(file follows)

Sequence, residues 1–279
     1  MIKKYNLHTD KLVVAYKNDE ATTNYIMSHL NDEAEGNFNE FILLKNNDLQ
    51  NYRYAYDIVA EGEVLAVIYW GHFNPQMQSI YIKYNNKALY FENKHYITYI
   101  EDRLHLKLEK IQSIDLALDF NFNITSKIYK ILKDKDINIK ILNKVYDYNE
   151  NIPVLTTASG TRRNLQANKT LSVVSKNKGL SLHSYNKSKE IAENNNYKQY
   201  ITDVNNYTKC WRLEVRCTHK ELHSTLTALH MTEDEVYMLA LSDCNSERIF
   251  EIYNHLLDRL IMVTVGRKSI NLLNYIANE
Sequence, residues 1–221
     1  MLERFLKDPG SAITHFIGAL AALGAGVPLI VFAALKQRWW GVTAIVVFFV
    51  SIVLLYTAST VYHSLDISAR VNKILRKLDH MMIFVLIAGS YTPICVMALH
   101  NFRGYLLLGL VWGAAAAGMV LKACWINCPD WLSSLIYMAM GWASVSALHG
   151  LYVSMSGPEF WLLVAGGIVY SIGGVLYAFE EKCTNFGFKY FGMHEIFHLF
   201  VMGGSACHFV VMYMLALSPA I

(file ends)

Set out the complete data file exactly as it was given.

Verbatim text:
Sequence, residues 1–279
     1  MIKKYNLHTD KLVVAYKNDE ATTNYIMSHL NDEAEGNFNE FILLKNNDLQ
    51  NYRYAYDIVA EGEVLAVIYW GHFNPQMQSI YIKYNNKALY FENKHYITYI
   101  EDRLHLKLEK IQSIDLALDF NFNITSKIYK ILKDKDINIK ILNKVYDYNE
   151  NIPVLTTASG TRRNLQANKT LSVVSKNKGL SLHSYNKSKE IAENNNYKQY
   201  ITDVNNYTKC WRLEVRCTHK ELHSTLTALH MTEDEVYMLA LSDCNSERIF
   251  EIYNHLLDRL IMVTVGRKSI NLLNYIANE
Sequence, residues 1–221
     1  MLERFLKDPG SAITHFIGAL AALGAGVPLI VFAALKQRWW GVTAIVVFFV
    51  SIVLLYTAST VYHSLDISAR VNKILRKLDH MMIFVLIAGS YTPICVMALH
   101  NFRGYLLLGL VWGAAAAGMV LKACWINCPD WLSSLIYMAM GWASVSALHG
   151  LYVSMSGPEF WLLVAGGIVY SIGGVLYAFE EKCTNFGFKY FGMHEIFHLF
   201  VMGGSACHFV VMYMLALSPA I